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Paparazzi share blame with Jonah Hill



 Justin Bieber, now 20, is taking responsibility for using racial slurs as a teen. In two videos that surfaced in June, a younger Bieber can be seen using the "N" word on two separate occasions -- instances that he says were the result of his own ignorance. "As a young man, I didn't understand the power of certain words and how they can hurt. I thought it was OK to repeat hurtful words and jokes, but didn't realize at the time that it wasn't funny," the star said in a statement.
Editor's note: Peggy Drexler is the author of "Our Fathers, Ourselves: Daughters, Fathers and the Changing American Family" and "Raising Boys Without Men." She is an assistant professor of psychology at Weill Cornell Medical College of Cornell University and a former gender scholar at Stanford University. Join her on Facebook and follow her on Twitter @drpeggydrexler. The opinions expressed in this commentary are solely those of the author.
(CNN) -- After a day spent being trailed by a photographer who taunted him, mocked his clothes and hurled insults about his family, actor Jonah Hill had had enough. "Suck my d***, you f****t," he said to the guy, very likely giving the paparazzo exactly what he wanted: a reaction and a profanity-and-slur laced one at that. The entire episode was caught on tape and eventually aired by gossip site TMZ.
Hill soon after made the rounds with an apology for using the anti-gay term, telling radio host Howard Stern on Tuesday that he is heartbroken he used such a "disgusting and hurtful" term.
On "The Tonight Show," he told host Jimmy Fallon that "the word I chose was grotesque."
Peggy Drexler
But while Hill is left apologizing -- and surely, there is reason for him to do so -- the responsibility was not his alone.
After all, the entire episode was a set up, encouraged by a culture obsessed with celebrities and even more obsessed with celebrities behaving badly and a gossip media that rewards those who capture it. The paparazzi have been trained to push buttons, and they've gotten quite good at it.
Unlike some stars who, it might be suspected, exhibit bad behavior to court certain attention -- Alec Baldwin could be one -- Hill's response seemed genuinely reactionary, born out of pure emotion and frustration. As such, it is not likely to reflect what he really believes.
Hill has been outspoken supporter of gay rights. Last year, he told E! News that "I have tons of gay friends, gay family members." Before the Winter Olympics in Russia, he spoke out against Moscow's anti-gay laws.
So why, then, was his breaking point reaction a slur?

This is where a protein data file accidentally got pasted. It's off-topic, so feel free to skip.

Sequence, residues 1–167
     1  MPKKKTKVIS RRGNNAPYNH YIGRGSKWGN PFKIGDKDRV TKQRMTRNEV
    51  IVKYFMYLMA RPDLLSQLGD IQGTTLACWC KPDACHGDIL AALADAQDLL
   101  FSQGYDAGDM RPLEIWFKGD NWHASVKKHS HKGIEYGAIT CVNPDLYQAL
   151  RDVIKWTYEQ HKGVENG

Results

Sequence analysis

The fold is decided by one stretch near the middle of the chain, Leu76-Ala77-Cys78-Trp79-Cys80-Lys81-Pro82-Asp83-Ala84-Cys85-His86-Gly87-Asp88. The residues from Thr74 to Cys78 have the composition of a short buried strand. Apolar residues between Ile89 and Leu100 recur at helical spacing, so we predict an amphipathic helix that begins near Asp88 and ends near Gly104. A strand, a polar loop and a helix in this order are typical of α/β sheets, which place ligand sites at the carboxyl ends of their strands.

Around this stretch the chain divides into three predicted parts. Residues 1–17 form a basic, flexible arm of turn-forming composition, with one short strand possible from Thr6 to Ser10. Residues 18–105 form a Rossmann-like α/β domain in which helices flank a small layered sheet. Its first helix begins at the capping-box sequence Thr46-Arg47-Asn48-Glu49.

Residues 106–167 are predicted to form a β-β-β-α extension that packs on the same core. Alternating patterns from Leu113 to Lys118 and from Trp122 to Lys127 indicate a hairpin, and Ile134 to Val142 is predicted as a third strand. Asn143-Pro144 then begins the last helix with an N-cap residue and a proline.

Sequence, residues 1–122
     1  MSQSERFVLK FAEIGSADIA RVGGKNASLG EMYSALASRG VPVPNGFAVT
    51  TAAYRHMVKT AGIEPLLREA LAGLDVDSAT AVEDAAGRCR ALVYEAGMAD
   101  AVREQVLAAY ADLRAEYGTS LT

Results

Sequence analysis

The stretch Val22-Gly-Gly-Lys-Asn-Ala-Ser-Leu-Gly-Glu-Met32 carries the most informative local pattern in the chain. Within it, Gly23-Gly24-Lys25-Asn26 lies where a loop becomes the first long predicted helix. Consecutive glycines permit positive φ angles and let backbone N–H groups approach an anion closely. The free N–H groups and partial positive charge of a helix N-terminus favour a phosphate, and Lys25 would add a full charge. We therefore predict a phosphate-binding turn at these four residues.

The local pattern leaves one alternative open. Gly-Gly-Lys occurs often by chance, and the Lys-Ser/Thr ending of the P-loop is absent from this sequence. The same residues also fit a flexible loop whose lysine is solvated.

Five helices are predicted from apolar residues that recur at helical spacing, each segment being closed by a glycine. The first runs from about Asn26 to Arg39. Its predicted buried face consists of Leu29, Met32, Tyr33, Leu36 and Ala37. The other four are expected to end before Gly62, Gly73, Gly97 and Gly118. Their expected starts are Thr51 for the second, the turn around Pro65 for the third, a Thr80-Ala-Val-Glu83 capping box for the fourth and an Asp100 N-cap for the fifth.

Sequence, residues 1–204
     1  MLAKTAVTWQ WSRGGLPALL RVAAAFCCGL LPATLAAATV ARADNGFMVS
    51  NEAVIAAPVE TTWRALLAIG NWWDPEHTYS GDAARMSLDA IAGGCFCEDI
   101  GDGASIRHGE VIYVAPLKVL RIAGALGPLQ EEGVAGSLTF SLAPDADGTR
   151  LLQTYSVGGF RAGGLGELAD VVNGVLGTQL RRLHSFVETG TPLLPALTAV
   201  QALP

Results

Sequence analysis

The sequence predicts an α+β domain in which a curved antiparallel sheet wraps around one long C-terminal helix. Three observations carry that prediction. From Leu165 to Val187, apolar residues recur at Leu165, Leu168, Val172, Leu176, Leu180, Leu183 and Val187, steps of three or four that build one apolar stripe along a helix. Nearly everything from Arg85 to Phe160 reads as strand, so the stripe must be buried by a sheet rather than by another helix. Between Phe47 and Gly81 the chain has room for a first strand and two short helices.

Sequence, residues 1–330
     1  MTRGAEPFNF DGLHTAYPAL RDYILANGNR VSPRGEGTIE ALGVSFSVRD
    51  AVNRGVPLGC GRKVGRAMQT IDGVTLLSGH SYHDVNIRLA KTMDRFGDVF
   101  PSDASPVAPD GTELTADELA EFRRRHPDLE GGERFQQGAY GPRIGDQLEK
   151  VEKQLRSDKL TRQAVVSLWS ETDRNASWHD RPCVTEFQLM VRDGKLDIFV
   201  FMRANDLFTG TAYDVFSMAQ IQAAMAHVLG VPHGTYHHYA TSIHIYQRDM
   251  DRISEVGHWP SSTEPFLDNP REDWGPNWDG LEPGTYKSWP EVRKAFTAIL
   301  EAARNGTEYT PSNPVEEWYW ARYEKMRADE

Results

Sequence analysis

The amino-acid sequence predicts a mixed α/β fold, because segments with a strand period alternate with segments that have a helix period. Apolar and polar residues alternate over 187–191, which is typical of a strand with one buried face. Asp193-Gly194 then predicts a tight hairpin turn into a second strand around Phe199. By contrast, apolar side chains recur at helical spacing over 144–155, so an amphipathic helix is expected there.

It probably had far less to do with genuine homophobic beliefs than with power and a feeling of loss of it so profound that it inspired a response rooted in the same crude immaturity as that exhibited by his provoker.
The photographer, as seen in the video, was antagonistic, his behavior akin to the taunts of a playground bully, and in a way few adults exhibit, or experience, after childhood. And so, in finally responding after refusing to engage, Hill used language the man would understand and words that he, and indeed many, might never say as an adult, especially an adult in 2014.
He had a temper tantrum-like reaction, calling on words he might have used at a time he was most inclined to have such outbursts and tantrums, when such words were not OK but you were less aware of what they meant.
It's key to remember that celebrities are forced to endure harassment all the time now and bear the burden of the consequences, too.
In 2009, Jude Law allegedly hit a female celebrity photographerafter her camera flash went off in his face, although he claims it was untrue.
Nicole Richie had restraining orders issued against two photographers who sat outside her house all day, but not until after she doused them with water for trailing her.
While celebrities certainly are not perfect, the ones caught on camera, and the ones largely condemned, are inevitably not the ones holding it.
To make Hill's comments reflective of how he feels about gays and lesbians unfairly turns the responsibility entirely on him when the real blame is in the culture that rewards those who provoke this behavior and choose to interpret it in the worst way possible.
By suggesting these comments indicate that Hill is homophobic, aren't we, in effect, saying that we believe that's what he meant because what else would he mean?
In the end, Hill has behaved after his outburst in the most appropriate way possible, expressing believable remorse, explaining the motivations for the attack but also noting there was no excuse for what he said.
"If someone says something that hurt you or angers you, use me as an example of what not to do," he told Fallon. "Don't respond with hatred or anger, because you are just adding more ugliness to the world."
Perhaps the celebrity media would be wise to do the same.

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